On top of it, we created an in-house Inventory system that provides versioning, description, and retention support of the data. Retrieving and storing the data is done via the Inventory system.
The generic training platform also provides a useful command line interface to easily create an activity that comes with authentication and logging already set up, so we just focus on the business logic. We also can integrate what the generic training platform provides in CI/CD to deploy the code to production.
Given the benefits of the generic training platform, we built our pipeline 2.0 on top of it. As shown in the diagram below, there are more than one activity. When an activity runs, the code runs in an Azure Batch pool. We serve the Inventory System in an Azure Web App. When we need to get the data from the Inventory system, we send a request with the version we want to Inventory System. The response includes how to download it from Azure Storage. Then we download the data from the storage account.
To convert our monolithic Model Generator component into smaller modules, we followed the data and analyzed what data we needed and what data we generated. We found that the component could be divided into smaller modules:
Each of them, including the crawler, is a custom activity in the final ADF pipeline.
In the end, we chain all these activities into the final pipeline. We also have flags to skip some activities. The benefit of this approach is that we do not always need to run everything together. So, a small change in one section of the pipeline does not require the whole pipeline to be run again. For example, validating how we update documentation only requires us to run the Create PR activity and not the others.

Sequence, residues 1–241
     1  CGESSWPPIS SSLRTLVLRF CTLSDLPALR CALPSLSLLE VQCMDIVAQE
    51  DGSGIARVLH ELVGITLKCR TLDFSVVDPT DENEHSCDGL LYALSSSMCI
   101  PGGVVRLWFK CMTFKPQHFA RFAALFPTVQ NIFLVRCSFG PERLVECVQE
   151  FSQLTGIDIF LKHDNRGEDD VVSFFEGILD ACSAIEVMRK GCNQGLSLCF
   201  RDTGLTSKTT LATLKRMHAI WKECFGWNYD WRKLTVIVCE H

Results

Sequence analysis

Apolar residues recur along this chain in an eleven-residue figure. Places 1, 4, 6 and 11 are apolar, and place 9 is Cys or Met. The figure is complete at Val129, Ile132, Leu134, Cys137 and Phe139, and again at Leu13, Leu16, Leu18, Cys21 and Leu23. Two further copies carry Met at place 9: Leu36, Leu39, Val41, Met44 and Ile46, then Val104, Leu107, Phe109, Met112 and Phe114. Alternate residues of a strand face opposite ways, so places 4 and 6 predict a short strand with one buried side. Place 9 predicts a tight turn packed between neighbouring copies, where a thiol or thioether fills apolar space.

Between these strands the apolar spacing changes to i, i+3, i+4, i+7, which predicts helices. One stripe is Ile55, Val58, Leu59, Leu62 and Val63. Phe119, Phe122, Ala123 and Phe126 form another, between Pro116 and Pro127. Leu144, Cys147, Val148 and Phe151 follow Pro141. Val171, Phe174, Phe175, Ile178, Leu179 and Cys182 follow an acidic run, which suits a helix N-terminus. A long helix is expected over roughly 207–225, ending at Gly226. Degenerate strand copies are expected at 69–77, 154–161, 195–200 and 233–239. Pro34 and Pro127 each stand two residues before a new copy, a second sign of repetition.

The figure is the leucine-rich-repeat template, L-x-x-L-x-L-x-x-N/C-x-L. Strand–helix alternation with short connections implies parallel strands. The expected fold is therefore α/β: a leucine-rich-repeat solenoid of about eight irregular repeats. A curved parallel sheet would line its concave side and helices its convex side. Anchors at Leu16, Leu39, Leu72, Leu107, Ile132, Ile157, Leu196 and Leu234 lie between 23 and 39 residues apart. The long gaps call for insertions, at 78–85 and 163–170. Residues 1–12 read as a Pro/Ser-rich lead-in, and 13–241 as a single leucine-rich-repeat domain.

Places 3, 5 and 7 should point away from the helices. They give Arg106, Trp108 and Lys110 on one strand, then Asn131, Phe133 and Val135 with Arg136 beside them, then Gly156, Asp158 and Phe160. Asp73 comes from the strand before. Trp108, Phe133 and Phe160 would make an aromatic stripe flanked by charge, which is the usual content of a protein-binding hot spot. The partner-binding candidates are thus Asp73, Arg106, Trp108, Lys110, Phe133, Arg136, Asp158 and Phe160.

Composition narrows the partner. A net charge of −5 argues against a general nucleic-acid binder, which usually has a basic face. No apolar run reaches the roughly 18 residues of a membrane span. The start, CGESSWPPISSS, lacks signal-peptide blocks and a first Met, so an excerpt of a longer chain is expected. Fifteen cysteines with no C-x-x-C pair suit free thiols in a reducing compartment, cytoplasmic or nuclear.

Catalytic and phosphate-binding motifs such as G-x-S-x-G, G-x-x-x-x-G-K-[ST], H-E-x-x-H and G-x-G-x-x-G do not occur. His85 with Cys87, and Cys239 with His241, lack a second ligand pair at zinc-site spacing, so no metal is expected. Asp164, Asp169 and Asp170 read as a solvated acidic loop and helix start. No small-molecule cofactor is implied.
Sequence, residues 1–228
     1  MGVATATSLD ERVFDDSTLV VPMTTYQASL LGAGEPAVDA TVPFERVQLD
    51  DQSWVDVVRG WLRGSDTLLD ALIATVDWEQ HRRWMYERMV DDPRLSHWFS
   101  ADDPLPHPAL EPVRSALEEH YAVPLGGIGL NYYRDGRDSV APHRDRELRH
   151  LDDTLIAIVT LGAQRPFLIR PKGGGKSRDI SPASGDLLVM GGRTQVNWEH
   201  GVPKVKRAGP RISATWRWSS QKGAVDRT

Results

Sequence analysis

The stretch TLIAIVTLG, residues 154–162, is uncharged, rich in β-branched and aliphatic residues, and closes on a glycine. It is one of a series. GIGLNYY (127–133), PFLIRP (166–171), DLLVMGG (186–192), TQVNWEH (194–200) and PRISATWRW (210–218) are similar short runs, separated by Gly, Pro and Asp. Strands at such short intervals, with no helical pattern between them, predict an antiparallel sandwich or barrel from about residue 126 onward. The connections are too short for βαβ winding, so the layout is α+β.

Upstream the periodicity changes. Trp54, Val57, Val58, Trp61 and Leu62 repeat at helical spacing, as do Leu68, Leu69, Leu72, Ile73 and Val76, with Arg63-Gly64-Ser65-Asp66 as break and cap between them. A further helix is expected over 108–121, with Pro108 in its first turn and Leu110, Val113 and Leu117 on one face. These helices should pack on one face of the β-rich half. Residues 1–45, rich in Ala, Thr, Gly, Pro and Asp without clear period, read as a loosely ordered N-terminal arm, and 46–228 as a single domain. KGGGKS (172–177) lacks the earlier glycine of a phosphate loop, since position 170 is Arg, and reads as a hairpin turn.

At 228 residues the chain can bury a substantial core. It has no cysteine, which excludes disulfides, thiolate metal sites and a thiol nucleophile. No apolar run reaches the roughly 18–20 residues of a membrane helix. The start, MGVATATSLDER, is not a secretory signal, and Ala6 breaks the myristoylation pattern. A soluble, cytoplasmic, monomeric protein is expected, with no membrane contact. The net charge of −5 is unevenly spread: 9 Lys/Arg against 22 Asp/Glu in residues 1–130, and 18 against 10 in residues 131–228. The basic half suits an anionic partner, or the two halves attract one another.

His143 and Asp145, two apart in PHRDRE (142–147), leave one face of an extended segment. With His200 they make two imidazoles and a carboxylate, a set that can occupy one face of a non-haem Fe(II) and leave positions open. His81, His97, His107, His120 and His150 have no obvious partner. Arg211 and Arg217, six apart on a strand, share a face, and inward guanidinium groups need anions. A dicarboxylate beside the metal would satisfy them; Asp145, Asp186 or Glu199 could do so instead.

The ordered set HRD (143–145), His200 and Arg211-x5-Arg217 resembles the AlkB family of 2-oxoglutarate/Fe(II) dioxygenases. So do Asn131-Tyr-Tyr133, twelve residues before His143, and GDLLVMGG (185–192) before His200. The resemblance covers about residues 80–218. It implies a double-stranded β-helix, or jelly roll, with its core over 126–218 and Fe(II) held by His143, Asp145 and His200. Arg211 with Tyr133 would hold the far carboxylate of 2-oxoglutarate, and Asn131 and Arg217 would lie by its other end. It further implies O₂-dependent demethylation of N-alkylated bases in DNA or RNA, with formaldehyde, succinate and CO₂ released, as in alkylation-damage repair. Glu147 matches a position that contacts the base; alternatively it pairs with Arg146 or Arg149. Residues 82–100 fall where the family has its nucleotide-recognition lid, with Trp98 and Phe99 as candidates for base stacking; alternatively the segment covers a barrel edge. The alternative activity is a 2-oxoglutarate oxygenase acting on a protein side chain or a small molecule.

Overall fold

Since we broke down the monoliths into smaller modules, it required us to store the output from each module and share that with the ones that take the data as input. As mentioned before, we used the in-house Inventory system. With the versioning support from the Inventory system, it was easier to restart a particular activity in the pipeline or reproduce an issue on a different machine. All we need to do is to set up the type of data and version to use for that activity. For example, when I need to debug an issue in Create PR activity, I can specify the version of the KB. I don’t worry that the input may be different when I run the activity at different time.
To make testing and debugging the pipeline more efficient, we also improved the code performance.
We used to do everything one after another. We ran the crawler first, then we generated the help table, generated the new model, updated the service using the new model, and created pull request to add examples back to documentation. While we analyzed the data flow, we figured out there were not always strict dependencies in that sequence order. For example, we didn’t need anything from the crawler to generate the help table. Using Azure Data Factory, we moved some computing to run in parallel.